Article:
What’s the rush to enter the gates of heaven?

The closing service for Yom Kippur is called Neilah. The poems and liturgy of this service reflects the spiritual concept of the closing of the gates of Heaven, which have been kept open to receive our final prayers and supplications.

Some of you might be thinking, there is never a time when we are not welcome to return to God. If God is always eager to receive a sinner in repentance, then what’s the rush? If God does not close His gates, and prevent people from entering His presence, why is there a service telling people the gates are about to close so they better pray with all they’ve got?

If we live only with the assumption that repentance always is available, then we would never be motivated to actually change at a particular instance. Just as knowledge of our certain mortality infuses our life with a need to seize the day, so does the push of Yom Kippur as a time particularly favorable to teshuvah (repentance) inspire us to more focused contemplation than a more open-ended process would. [www.jewishjournal.com/culture/religion/yom_kippur/225057/neilah/]

If all we think about is that the Gates to Heaven are always open, people have no reason or need to enter now. People can choose to continue living a life without God, assuming they’ve got lots of time before they need to change and put God first. For this reason, the Neilah service is necessary.

Once the service ends, and people exit the doors they’ll be confronted with many necessary needs of life. God may still be on their minds, but He will no longer dominate their thoughts like He did during the service. The things we think about and do outside the gates of Temple are not sinful, but once the service ends, God will not have the same place in our minds as He had during the service.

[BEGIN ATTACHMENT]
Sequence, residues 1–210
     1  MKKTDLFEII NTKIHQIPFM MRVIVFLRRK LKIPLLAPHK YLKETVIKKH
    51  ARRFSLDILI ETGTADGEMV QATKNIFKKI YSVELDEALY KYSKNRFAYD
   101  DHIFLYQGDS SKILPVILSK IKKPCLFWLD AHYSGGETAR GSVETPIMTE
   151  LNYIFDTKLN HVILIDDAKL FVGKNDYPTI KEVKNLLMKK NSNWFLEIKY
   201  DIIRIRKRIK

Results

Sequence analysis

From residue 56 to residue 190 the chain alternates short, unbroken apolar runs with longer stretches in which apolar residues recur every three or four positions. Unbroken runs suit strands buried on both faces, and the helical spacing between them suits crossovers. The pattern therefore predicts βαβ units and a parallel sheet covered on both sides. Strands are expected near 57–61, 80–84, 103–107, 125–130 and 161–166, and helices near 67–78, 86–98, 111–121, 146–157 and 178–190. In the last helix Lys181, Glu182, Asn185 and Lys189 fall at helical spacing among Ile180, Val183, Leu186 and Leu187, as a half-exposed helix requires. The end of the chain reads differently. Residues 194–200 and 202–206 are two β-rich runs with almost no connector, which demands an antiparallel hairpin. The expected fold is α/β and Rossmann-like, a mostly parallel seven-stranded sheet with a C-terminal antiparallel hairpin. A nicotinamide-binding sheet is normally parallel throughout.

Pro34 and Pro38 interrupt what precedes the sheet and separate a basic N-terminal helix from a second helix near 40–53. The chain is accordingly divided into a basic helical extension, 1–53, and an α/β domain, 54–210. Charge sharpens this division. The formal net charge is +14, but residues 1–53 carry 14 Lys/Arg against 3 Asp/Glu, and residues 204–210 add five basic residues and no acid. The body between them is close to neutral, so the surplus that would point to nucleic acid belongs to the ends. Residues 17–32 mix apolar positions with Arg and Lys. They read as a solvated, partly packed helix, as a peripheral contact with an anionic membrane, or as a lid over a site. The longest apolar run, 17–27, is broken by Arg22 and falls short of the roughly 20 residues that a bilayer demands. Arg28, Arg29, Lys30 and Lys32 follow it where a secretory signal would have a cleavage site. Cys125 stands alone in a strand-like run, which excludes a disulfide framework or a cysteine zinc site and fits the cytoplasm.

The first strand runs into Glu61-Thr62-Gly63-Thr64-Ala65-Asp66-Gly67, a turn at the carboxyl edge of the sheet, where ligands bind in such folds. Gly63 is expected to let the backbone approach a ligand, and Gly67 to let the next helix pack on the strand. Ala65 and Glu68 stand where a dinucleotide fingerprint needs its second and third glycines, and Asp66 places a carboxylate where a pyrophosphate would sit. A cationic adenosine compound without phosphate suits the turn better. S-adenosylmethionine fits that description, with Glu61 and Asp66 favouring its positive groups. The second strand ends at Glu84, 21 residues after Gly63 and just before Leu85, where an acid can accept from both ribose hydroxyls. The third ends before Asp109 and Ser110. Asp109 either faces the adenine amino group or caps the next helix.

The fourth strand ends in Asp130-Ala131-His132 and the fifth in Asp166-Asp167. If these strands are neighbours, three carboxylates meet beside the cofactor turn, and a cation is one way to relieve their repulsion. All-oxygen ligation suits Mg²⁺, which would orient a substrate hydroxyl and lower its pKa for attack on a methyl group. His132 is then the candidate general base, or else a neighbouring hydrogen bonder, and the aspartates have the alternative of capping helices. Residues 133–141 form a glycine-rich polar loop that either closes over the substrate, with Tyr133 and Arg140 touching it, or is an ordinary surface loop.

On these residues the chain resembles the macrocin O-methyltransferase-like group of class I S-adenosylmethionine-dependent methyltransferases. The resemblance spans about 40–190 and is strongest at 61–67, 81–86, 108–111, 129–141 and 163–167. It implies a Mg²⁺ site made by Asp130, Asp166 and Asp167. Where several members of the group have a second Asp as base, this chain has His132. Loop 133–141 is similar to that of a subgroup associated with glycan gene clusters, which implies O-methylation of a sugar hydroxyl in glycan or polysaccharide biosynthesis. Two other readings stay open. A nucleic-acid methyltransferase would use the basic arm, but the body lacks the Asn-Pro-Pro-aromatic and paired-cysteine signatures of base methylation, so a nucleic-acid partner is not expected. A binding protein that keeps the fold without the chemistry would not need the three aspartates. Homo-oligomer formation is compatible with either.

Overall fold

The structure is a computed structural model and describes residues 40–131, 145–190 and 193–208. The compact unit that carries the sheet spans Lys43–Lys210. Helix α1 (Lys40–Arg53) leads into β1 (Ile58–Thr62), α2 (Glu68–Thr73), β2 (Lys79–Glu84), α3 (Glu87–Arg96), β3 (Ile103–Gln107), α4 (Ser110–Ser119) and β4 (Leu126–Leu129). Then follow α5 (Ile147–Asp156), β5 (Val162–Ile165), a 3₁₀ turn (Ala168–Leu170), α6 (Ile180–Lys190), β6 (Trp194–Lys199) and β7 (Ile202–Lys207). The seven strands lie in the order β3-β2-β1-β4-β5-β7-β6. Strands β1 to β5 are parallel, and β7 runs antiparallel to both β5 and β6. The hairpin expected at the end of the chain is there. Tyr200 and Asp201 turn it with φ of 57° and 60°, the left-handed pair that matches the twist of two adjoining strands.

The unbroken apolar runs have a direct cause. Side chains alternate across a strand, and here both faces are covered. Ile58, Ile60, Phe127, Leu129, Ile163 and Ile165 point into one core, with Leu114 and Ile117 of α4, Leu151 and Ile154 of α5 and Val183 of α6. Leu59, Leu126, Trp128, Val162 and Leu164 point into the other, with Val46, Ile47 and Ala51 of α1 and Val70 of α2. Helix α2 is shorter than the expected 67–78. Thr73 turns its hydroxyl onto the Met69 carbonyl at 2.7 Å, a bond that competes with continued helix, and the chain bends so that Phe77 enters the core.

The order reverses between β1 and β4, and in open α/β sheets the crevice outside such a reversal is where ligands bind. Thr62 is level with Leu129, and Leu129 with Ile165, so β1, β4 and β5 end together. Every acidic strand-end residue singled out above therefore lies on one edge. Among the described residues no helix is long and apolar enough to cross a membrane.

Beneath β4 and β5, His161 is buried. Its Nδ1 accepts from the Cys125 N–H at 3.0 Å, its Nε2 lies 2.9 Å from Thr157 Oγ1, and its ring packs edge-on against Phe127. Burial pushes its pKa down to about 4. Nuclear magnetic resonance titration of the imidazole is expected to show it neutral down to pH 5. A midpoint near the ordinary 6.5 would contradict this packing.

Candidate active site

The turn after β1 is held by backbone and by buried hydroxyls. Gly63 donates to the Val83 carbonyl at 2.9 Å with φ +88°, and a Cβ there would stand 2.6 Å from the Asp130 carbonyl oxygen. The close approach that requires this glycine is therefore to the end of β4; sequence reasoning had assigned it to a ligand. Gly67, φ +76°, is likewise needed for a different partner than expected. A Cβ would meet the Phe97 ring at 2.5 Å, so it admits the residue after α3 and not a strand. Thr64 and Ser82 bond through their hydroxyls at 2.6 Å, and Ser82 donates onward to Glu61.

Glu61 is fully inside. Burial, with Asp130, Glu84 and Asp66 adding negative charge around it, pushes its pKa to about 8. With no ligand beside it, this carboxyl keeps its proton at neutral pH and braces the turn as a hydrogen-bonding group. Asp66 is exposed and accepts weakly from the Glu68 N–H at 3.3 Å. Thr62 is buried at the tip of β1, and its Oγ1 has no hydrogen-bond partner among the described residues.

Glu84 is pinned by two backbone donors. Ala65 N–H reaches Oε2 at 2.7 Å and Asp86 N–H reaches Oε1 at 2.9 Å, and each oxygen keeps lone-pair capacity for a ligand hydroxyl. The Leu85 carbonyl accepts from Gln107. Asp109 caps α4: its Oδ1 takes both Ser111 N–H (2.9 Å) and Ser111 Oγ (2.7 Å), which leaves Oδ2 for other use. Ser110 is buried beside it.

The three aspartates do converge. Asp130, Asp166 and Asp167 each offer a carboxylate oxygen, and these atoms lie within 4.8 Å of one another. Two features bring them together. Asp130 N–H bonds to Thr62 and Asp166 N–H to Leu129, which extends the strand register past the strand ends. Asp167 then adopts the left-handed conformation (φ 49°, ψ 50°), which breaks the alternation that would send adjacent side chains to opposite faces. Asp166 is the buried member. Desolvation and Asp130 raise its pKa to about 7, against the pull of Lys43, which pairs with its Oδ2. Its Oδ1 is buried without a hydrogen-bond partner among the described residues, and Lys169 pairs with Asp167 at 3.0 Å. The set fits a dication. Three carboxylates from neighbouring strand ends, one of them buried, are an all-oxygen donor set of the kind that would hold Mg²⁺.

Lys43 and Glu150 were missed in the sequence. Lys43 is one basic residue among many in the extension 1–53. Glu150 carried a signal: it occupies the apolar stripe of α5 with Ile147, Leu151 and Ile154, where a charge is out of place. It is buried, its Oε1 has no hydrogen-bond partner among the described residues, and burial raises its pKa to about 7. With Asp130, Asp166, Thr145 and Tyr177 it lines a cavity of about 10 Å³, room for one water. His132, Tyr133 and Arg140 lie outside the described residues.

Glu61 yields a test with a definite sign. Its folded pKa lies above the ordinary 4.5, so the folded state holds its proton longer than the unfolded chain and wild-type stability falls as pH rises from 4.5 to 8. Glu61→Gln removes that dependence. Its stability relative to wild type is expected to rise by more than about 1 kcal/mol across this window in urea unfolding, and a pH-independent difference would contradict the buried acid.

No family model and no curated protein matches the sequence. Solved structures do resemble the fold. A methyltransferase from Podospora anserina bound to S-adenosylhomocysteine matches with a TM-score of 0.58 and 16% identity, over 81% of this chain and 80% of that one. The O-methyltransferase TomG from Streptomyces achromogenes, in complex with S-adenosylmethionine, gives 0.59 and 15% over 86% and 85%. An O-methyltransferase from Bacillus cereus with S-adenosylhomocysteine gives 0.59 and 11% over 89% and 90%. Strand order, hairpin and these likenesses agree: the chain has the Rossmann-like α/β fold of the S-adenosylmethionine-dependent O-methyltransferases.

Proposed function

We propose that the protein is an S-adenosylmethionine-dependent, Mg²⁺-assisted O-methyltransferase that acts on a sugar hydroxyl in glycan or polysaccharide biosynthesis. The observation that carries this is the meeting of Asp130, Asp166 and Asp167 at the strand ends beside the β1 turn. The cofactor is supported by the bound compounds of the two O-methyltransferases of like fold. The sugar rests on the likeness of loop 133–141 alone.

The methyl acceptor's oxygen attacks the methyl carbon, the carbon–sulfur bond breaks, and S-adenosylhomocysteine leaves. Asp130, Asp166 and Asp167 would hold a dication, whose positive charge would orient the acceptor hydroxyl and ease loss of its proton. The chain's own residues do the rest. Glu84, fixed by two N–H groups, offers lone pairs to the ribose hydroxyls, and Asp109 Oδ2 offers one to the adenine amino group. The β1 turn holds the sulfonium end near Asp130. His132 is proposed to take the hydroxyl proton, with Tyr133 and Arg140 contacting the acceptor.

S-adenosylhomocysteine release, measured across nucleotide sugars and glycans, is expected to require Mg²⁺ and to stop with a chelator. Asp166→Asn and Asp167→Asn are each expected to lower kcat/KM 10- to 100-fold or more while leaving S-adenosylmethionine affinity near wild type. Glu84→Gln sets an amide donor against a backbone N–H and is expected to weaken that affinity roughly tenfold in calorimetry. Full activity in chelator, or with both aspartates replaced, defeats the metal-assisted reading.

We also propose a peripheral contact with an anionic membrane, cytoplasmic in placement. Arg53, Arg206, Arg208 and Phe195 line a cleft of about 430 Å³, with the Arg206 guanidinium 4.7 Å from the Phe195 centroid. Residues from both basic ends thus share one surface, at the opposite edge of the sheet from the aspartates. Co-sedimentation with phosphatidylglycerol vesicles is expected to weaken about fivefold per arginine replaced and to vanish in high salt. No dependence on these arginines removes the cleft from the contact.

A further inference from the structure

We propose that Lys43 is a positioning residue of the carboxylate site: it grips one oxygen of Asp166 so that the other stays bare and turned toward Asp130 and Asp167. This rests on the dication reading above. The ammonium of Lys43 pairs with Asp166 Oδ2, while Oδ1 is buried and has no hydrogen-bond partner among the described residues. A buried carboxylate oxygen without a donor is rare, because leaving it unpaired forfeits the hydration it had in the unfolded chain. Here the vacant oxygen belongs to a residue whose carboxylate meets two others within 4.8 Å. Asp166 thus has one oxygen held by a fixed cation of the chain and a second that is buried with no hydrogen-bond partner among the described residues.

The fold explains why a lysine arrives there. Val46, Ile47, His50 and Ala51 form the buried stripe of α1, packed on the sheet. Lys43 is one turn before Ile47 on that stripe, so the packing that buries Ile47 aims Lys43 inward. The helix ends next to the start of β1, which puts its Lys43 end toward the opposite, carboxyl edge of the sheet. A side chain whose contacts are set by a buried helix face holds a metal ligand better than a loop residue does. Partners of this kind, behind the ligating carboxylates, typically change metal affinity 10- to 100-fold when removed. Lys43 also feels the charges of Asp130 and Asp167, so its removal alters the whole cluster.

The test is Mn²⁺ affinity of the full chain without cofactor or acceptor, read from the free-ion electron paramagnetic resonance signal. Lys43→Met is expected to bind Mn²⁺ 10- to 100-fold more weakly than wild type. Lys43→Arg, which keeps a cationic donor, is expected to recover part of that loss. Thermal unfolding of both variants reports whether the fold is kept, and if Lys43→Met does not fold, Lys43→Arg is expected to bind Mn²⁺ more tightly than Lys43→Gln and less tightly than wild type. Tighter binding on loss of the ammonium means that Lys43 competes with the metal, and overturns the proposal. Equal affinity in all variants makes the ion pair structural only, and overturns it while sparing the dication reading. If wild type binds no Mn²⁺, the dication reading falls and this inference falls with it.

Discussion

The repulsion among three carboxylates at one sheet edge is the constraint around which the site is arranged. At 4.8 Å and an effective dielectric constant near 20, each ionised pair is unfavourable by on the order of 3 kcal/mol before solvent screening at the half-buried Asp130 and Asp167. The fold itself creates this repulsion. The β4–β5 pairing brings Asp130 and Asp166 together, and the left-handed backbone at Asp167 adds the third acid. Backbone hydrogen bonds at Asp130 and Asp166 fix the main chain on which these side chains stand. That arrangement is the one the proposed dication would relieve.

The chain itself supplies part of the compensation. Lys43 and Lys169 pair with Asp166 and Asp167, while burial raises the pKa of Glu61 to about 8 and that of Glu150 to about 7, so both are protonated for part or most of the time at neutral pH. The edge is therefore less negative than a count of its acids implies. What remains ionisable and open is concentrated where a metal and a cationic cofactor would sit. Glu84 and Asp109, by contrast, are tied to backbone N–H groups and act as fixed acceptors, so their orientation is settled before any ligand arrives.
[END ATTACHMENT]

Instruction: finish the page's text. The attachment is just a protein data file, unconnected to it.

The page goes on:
(James 4:14 NLT) How do you know what your life will be like tomorrow? Your life is like the morning fog - it’s here a little while, then it’s gone.

You know for sure that the morning fog will disappear, but we do not know when. Time is constantly moving forward, and we have no clue when our life will end. We do not know exactly when we will die, but many of us reading this blog know that we are closer to the time of our death then we are to the time of our birth.

(Everyman’s Talmud, p. 110) However true it be that repentance is possible up to the moment of death, it is considered unwise to postpone it. ‘R. Eliezer said, “Repent one day before your death.” His disciples asked him, “Does then, anybody know on which day he will die?” He replied to them, “How much more reason is there for him to repent today, lest he be dead tomorrow; and as a consequence all his days will be spent in repentance”’ (Shab. 153a).

What great insight! Right up to the second, we breathe our last breath, we have an opportunity to repent. But the reality is that we do not know the exact time we will die. Therefore, we cannot postpone repenting of our sins or turning back to God. We need to make sure that we will be able to enter God’s gates right now!

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